Robust Estimation using Aggregated Data for Urban policy making (READ-URBAN)
Read-Urban was a first project to investigate whether policy recommendations can be made with the aid of linked data collections and data science and to gain experience with the success factors for such a process.
- 2017 - 2018
- Wessel Kraaij
- Municipality of The Hague
The READ-URBAN project was carried out by Leiden University in a collaboration between LIACS and the Institute of Public Administration. The project was partly funded by the Municipality of The Hague. The visualization was developed by Bloomingdata
Big Data for robust measurement of policy indicators
Monitoring indicators in various policy areas such as employment, accessibility, health and safety is standard practice in public administration. After all, policies can only be made based on reliable data. Traditionally, most data is collected through questionnaires. This approach has disadvantages: the most recent figures often lag far behind current events, so that quantitative analysis of interventions only becomes available at a relatively late stage. In addition, there is always the risk of sample bias.
In a big data approach, in principle all available relevant information can be included in the analysis and much more frequent updates can be made. An example of such an approach is the analysis of open internet sources, including social media, using text mining techniques. This involves techniques such as entity recognition, sentiment mining, event recognition. Company sites can be analyzed for features ranging from job advertisements to cyber crime security methods. Other examples of available big data sources are mobile phone data to map crowds and flows; or traffic loop data and floating card data for traffic flows. Experience with these sources is already available and can be used to develop applications for metropolitan practice. Various other resources can be gradually incorporated as we gain access; think of financial transaction data, smart meters, sensor data, or satellite photos.
In the READ-URBAN project, the poverty reduction policy area was chosen as use case in consultation with the municipality of The Hague, in particular to find out more about the category of households that belong to the 'working poor'. These are households that do not receive social assistance benefits but actually live below the poverty line (income consists of various part-time temporary contracts).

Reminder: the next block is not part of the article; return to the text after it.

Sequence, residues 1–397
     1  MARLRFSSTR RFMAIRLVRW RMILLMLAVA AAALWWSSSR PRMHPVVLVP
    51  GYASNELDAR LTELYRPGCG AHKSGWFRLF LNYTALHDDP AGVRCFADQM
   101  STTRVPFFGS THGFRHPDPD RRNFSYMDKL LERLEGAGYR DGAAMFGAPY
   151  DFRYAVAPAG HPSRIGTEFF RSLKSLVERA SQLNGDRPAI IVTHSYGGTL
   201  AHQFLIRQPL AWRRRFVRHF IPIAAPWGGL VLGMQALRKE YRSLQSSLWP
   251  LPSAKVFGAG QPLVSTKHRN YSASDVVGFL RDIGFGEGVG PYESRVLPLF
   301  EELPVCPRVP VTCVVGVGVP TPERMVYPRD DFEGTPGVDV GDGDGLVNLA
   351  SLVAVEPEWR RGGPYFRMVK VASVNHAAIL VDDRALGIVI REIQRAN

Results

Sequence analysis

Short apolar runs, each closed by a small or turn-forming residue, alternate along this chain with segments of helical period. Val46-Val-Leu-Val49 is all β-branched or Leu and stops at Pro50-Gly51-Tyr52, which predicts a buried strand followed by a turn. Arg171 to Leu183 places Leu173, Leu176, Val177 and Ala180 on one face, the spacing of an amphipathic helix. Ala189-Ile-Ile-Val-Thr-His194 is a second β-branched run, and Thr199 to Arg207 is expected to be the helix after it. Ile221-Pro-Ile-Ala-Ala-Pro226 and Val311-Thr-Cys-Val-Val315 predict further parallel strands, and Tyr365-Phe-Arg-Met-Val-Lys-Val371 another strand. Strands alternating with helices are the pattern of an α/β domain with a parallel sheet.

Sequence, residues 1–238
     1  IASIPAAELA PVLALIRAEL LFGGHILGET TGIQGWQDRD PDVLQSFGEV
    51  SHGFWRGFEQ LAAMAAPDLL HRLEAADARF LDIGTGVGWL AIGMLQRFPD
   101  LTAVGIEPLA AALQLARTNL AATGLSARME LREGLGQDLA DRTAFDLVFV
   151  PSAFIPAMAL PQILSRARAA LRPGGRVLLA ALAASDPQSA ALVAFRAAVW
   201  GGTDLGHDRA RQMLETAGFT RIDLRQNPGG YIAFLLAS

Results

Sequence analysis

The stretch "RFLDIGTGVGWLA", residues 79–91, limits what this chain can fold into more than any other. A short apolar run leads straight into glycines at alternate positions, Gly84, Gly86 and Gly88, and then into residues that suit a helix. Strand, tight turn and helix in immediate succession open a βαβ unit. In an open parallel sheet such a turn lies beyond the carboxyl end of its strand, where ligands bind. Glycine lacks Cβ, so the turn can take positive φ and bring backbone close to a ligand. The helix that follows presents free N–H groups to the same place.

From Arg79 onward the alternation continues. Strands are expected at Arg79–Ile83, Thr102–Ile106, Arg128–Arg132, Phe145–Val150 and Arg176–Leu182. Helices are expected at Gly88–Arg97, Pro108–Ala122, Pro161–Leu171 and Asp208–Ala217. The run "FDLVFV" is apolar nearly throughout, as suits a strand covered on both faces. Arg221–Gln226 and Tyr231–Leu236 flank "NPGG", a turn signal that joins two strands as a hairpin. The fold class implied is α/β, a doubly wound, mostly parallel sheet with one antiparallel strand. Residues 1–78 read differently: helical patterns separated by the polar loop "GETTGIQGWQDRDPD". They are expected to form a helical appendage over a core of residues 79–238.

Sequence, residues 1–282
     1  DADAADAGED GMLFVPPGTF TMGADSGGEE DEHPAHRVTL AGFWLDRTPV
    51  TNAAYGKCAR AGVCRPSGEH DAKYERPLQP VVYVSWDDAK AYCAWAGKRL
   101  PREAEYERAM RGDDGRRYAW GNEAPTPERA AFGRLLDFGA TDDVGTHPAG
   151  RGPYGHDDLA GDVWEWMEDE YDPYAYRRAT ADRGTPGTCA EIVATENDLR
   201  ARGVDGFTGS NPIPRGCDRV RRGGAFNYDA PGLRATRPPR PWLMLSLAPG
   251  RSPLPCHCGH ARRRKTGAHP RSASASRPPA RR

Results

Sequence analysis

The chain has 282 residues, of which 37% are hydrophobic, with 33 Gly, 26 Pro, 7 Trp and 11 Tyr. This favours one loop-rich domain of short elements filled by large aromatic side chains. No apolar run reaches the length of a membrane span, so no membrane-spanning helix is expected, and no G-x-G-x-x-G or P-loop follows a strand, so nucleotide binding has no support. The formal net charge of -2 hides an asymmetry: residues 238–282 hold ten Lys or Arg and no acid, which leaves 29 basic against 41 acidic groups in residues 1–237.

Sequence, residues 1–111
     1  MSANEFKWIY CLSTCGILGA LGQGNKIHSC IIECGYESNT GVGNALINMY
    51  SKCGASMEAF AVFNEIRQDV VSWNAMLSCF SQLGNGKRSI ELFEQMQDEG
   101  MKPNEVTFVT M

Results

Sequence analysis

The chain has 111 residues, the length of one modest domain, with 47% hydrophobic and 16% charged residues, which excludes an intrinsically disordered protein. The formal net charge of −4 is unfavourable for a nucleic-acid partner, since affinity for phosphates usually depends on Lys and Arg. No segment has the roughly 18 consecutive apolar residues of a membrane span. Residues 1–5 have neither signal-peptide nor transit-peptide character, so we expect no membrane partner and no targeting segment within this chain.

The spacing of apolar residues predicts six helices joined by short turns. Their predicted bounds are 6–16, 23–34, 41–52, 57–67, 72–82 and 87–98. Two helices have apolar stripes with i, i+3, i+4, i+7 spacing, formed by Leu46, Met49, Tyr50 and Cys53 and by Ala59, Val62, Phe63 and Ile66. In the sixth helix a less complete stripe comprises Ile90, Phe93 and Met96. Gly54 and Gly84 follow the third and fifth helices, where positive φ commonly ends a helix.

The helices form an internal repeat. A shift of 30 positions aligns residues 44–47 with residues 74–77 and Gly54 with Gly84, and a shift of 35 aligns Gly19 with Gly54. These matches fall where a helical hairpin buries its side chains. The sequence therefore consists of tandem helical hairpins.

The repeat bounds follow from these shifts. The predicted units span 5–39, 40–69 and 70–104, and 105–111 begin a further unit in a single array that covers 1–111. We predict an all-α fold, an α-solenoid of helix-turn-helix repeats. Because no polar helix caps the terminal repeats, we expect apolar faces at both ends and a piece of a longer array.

In April 2017, a first case study was started by postdoc José Miotto aimed at mapping this category of households, while a second step was aimed at a better understanding of the conditions for influx and outflux of this population. The use of the ‘Ooivaarspas’, an instrument to make activities accessible to people with a low income and in this way to promote social cohesion, was also examined.
- Paper presentation at the Data for Policy Conference in London, September 2017, Title: The Working Poor in Urban Areas: Effective policy initiatives.
- Paper presentation at the Data for Policy Conference in London, June 2019, title: Challenges of data-driven evaluation of soft policy instruments: The poverty pass.
- Working paper 'The Working Poor in Urban Areas: Effective policy initiatives' - https://static1.squarespace.com/static/560bd9e7e4b067a54c36b111/t/59b18553e5dd5b4656861fa7/1504806228772/D4P_ConferencePaper_Final.pdf
The value of data matching for public poverty initiatives: a local voucher program example Giest, Sarah, Miotto, Jose, and Wessel Kraaij, Data & Policy 3, e5, 2021
An interactive visualization has been developed to inspect the neighbourhood data of the municpality of The Hague. The visualization can be found at read-urban.liacs.nl.